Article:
Andy Robertson and Scotland driven by chance to become legends at Euro 2024

<span><a class="link " href="" data-i13n="sec:content-canvas;subsec:anchor_text;elm:context_link" data-ylk="slk:Andy Robertson;sec:content-canvas;subsec:anchor_text;elm:context_link;itc:0">Andy Robertson</a> (right) has won in the Munich Football Arena with Liverpool.</span><span>Photograph: Paul Currie/Shutterstock</span>

Andy Robertson has explained how Scotland are being fuelled by the chance to attain “legendary” status in their homeland by emerging from the group stage of Euro 2024. Scotland, who open the tournament against Germany on Friday evening, have never played in a knockout phase of a tournament. This miserable run dates back to the 1954 World Cup.

“We want to make history,” said Robertson. “We know what’s at stake. What’s the worst that can happen? We join the list of Scotland teams who haven’t got out of a group? We have so many incentives here, but becoming a legendary squad is the biggest. That’s what has to drive us forward.

“The thought of being the first Scotland team to make a knockout round is our driving force. If we manage that? You just never know.”

Switzerland and Hungary complete Group A. Common consensus is that Scotland are in a three-team race for qualification with that duo. “In the last Euros we played well in getting a draw at Wembley, but we let ourselves down a bit in the other two games,” Robertson said. “We know we could have done better. To qualify that last time was massive. To do it twice in a row is incredible. Now, we know we can make history.

“We’ve done the hard bit by qualifying. Now let’s see what else we can do. We’ll need to step things up from the warm-ups games, but when you look at results so will every other team in the tournament.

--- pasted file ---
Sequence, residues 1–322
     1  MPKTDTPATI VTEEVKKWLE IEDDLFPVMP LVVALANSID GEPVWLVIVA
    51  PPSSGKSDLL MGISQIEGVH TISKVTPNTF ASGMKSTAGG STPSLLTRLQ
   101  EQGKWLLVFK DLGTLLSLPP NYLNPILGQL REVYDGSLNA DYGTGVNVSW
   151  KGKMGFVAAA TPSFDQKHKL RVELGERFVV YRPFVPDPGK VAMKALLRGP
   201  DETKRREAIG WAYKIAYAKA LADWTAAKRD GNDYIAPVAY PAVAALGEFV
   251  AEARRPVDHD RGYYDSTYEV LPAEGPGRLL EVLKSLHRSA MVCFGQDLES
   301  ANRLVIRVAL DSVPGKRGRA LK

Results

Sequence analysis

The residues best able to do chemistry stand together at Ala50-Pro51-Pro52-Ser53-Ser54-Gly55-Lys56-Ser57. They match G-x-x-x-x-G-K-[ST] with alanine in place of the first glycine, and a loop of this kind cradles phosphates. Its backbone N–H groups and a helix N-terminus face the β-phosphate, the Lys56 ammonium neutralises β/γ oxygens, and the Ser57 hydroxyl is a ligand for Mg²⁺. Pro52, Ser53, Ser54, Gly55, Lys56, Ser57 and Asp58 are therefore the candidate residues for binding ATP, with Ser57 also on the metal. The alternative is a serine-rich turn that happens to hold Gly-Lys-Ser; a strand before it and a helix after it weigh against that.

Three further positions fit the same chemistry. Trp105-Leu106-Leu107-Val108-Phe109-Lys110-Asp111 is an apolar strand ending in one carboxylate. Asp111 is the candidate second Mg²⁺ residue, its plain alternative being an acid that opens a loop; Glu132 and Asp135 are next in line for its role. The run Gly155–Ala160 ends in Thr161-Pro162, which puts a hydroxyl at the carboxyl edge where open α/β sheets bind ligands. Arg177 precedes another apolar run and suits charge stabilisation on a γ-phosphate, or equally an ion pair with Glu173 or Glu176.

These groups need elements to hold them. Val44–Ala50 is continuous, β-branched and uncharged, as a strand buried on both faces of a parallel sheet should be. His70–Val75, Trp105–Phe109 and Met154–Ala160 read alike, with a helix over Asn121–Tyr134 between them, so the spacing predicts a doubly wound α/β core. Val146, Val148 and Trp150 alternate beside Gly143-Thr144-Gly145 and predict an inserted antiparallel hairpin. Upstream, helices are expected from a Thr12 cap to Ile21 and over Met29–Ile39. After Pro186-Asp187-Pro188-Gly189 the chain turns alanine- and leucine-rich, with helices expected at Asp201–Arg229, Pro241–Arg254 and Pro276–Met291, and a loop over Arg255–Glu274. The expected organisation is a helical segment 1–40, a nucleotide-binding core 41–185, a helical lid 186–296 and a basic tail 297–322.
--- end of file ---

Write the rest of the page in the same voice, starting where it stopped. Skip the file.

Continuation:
“Once we knew we were coming here our standards dropped a little; they shouldn’t, but they did. But now it’s time to get competitive again. It’s time to show what we can do.”

Robertson has fond memories of the Munich Football Arena. He was part of the Liverpool team who defeated Bayern Munich 3-1 there in March 2019. Less than three months later, Liverpool were lifting the trophy.

“Last time I came here was a massive win,” Robertson said. “A lot of people had written us off after we draw 0-0 at Anfield, but we went in front of all those Bayern supporters and beat them 3-1. It was incredible to be part of and it’s even more special that it took us on the journey to win the Champions League. It was such an important game.

“Jürgen Klopp texted me last week when I broke the record [for number of games captaining Scotland], which he didn’t need to do and which was good of him. He just said congratulations. I know he’ll be here and I know who he’ll be supporting. I hope he enjoys his night, but not too much.”

Steve Clarke echoed Robertson’s confidence when asked whether Scotland could pull off a shock against Germany. “Absolutely,” the manager said. “That’s why we’re here.

“We feel as though we can get a good result every time we step on to the pitch. Otherwise, what’s the point in going on there? We feel we’re ready and hopefully you’ll see that pan out. Everyone is fully fit, flying and desperate to be selected. They’re ready to go.”

Clarke appears to have relished a normal tournament buildup after the strange backdrop to the last Euros. “I think we should all be proud that we’re here,” be said. “It’s been a long time, since 1998, when we last travelled abroad for a major tournament. That’s why the nation is so excited.

“The last championships was obviously Covid-affected but I’m proud we’ve managed to achieve back-to-back qualifications for the European championships. Hopefully by the end of these championships we’re all proud that we’ve achieved a little bit more.”